Injuries call to question selection process
12 July 2008
By Dave Ungrady
At the end of the 2007 season, Michelle Perry was on track to become a U.S. Olympian in the 100-meter hurdles at the upcoming Beijing games. A 2004 Olympian, Perry won the 2005 and 2007 world championships and was the top-ranked hurdler in the world from 2005 through 2007. At 29 she is nearing the end of her elite track career.
Perry injured a hamstring running the 100 meters at the Modesto Relays in May and finished sixth in a semifinal. Her 2008 Olympic dream was unexpectedly over.
"There's not really words for what just happened to me," she said after the semifinal, holding back tears.
Should Perry receive special consideration to be picked for the U.S. team selected for Beijing? Under current USA Track and Field rules, she will not.
Two-time Olympian Breaux Greer has dominated javelin in the United States this century. He has won every U.S. title since 2000, was the leader at the 2004 Athens Olympics in qualifying before falling to 12th in the final, and won a bronze medal at the 2007 World Championships.
Stifled by a shoulder injury that dates back to the 2007 world championships and a recent stint on the American Gladiator television show, Greer made his 2008 competitive debut at the Olympic Trials with a resounding thud. His best throw in the trials, 220 feet, 6 inches, placed him 17th in qualifying and out of the final round.
Will Greer receive a discretionary nod for the Olympic team? He might.
How so? The top three finalists per event at the U.S. Olympic Trials in track and field who have met the "A" qualifying standard qualify for the Olympic games. But USATF is considering an exception to that ruling. Greer has appealed his omission from the team and USATF is considering the appeal. In a report in the Arizona Republic earlier this week Breaux said he went through team processing and is headed for the games.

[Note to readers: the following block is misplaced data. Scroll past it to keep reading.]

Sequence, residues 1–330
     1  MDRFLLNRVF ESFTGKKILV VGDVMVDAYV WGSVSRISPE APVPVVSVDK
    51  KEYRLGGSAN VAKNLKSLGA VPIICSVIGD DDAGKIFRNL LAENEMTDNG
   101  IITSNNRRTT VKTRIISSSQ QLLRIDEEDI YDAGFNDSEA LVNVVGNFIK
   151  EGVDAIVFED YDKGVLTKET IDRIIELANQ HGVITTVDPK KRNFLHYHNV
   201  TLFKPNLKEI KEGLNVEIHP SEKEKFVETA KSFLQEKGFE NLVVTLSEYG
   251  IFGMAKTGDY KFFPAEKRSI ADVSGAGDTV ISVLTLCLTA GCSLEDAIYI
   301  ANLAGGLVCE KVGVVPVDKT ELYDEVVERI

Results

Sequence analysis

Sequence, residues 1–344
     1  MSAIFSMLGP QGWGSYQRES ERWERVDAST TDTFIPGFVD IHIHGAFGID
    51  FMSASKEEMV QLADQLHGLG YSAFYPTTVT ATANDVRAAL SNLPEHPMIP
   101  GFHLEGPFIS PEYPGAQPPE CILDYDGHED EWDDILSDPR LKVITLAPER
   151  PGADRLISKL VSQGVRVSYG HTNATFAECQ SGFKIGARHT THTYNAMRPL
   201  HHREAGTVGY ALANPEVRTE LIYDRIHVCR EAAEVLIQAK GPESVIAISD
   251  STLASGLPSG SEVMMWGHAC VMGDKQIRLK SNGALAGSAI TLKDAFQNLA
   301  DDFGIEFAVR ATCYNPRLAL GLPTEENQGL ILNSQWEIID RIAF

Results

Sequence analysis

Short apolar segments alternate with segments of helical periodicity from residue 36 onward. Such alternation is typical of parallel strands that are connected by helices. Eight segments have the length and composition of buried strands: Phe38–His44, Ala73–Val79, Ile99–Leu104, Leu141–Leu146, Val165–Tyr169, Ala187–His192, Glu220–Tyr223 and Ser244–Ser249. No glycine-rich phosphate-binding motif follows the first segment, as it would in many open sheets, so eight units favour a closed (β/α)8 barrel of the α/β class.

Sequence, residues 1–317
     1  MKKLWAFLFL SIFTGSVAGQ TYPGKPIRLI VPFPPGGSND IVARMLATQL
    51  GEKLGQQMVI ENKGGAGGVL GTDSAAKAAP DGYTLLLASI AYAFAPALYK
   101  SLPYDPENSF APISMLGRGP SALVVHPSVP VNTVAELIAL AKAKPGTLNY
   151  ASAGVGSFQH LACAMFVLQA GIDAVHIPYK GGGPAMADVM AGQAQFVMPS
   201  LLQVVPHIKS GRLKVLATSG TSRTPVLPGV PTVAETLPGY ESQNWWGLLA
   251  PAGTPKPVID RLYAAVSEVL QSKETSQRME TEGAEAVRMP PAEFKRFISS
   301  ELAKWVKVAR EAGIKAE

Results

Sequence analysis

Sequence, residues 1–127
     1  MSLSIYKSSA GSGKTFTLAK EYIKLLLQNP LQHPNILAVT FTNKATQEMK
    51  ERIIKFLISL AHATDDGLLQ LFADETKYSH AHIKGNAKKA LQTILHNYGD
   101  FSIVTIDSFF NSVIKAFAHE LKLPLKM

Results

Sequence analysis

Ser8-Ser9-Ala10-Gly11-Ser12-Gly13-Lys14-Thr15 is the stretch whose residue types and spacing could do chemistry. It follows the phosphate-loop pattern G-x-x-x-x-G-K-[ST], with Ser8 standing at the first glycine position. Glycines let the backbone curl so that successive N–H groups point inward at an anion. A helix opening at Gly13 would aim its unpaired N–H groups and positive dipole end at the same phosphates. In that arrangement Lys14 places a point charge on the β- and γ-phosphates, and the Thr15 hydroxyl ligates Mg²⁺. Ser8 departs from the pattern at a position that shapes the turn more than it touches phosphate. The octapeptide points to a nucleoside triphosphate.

A source close to USATF said its rules allow the track and field chair to select an injured athlete who has reached the "A" standard as long as another athlete is not displaced from the team. A final decision on Greer will be made by Monday when USATF announces it Olympic team.
Perry cannot be considered for the team because the top three qualifiers in the 100-meter hurdles all have run under the "A" standard. A similar fate affected Tyson Gay, the 2007 world champion in the 200 meters and 100 meters. Gay, who won the 100 meters at the trials, strained a hamstring in a 200-meter qualifying heat and lost his chance to compete in the event in Beijing.
The strict trials system sets the United States apart from the rest of the world for good reason, says Chris Turner, a spokesman for the IAAF, track and field's world governing body.
"I don't know of any other country that does it the way that the Americans do," he said by phone. "But there are no other countries with the depth of the Americans."
Each track and field federation can send up to three athletes per event to the Olympics and they define their own procedures for qualifying. Many of the 213 federations select their athletes subjectively. "It depends on an individual nation's strengths to decide how they select the team," said Turner.
For example, Finland, which boasts some of the top javelin throwers, selects its Olympic competitors in the event from the winners of a javelin carnival meet and the national trials and with one discretionary pick. Britain and Canada stage trials competitions similar to the United States but also allow subjective picks.